Featured Image

BOGOTÁ, Colombia (LifeSiteNews) — Colombia’s president and the country’s bishops condemned the February 21 ruling that will allow abortion in the country through the first 24 weeks of pregnancy.

President Iván Duque Márquez, who is pro-life, opposed the court’s ruling.

“We are facing a decision that concerns the entire Colombian society, and five people cannot propose something as atrocious to a nation as allowing a life to be interrupted up to six months of gestation,” the president said, according to Walter Silva, the Latin America correspondent for Catholic News Agency.

“I have always been a pro-life person. I believe, as the Constitutional Court itself also stated a long time ago, that life begins with conception,” he said. “We are talking about interrupting a life that has a very clear developmental process.”

The Catholic bishops also criticized the ruling and called it “an affront to human dignity.”

“Protecting the supposed right to take an innocent human life puts at risk the very foundation of our social order and the rule of law,” the bishops said. “Direct abortion is an immoral act and a violent practice contrary to life.”

“[T]he fact that every pregnancy involves the existence of another human being, distinct from the mother, in conditions of helplessness and vulnerability, who in turn has the right to be part of the human family, cannot be covered over or minimized,” the bishops said.

“The Colombian Constitution says that life is the fundamental right of all citizens and from here proceed the other rights that are defended in Colombia and around the world,” Archbishop Luis José Rueda Aparicio of Bogotá said in a February 21 video.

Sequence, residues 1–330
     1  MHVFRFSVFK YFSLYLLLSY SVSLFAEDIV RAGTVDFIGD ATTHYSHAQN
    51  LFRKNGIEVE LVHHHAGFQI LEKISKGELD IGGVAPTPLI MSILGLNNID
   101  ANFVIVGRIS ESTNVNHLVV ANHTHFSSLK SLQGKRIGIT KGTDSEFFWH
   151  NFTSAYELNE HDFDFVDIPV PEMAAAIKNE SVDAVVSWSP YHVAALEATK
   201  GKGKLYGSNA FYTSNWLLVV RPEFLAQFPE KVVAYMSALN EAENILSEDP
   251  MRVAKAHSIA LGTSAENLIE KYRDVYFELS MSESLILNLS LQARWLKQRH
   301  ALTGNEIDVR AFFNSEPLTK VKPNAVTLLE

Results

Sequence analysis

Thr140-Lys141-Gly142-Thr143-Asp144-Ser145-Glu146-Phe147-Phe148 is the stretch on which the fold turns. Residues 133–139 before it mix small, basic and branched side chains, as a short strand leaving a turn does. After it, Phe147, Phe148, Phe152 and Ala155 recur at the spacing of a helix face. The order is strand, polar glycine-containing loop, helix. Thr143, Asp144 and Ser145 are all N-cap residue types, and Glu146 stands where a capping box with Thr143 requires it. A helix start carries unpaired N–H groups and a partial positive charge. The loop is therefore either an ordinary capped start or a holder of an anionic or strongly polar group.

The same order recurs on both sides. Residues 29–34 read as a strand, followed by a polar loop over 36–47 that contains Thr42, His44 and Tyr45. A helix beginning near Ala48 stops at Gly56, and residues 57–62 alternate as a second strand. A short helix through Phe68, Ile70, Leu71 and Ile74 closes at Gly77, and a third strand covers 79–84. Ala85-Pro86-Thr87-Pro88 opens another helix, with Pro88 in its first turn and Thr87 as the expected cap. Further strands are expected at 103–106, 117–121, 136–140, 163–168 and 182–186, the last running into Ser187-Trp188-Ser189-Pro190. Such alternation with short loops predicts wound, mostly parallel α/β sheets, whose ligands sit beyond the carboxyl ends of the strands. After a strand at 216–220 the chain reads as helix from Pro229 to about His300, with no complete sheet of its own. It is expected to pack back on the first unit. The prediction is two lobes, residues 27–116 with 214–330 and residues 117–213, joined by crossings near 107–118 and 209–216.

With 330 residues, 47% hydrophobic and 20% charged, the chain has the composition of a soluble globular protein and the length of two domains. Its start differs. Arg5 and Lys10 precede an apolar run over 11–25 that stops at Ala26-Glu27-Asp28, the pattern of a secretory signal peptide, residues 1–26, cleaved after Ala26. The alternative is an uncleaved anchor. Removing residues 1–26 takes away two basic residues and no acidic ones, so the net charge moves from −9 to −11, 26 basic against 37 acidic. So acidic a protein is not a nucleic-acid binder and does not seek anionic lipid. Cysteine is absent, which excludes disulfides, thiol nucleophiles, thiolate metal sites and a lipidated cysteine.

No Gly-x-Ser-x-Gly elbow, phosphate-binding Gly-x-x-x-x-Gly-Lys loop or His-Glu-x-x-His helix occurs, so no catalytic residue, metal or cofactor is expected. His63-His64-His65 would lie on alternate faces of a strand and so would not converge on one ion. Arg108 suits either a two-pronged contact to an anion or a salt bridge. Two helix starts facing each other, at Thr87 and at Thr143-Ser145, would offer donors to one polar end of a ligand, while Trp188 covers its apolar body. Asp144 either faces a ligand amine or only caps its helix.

He said life “is a gift from God, and we will continue to announce, defend and promote human life, from gestation to natural death.”

The former president of Colombia, meanwhile, celebrated the ruling during a recent speech at Harvard University.

“I agree with what the Constitutional Court did in Colombia, expanding the weeks where abortion is allowed,” Juan Manuel Santos said, according to The Crimson. “I think it was a correct move, and I support it.”

“If you ask me, I think they did the right thing,” he said. Santos hinted he wants further legalization of abortion, but said the “conservative country” should not rush into it, but pursue it gradually.

“Eventually, I think all the countries are moving in that direction,” Santos said. “We have to measure the convenience of doing things at the correct pace.”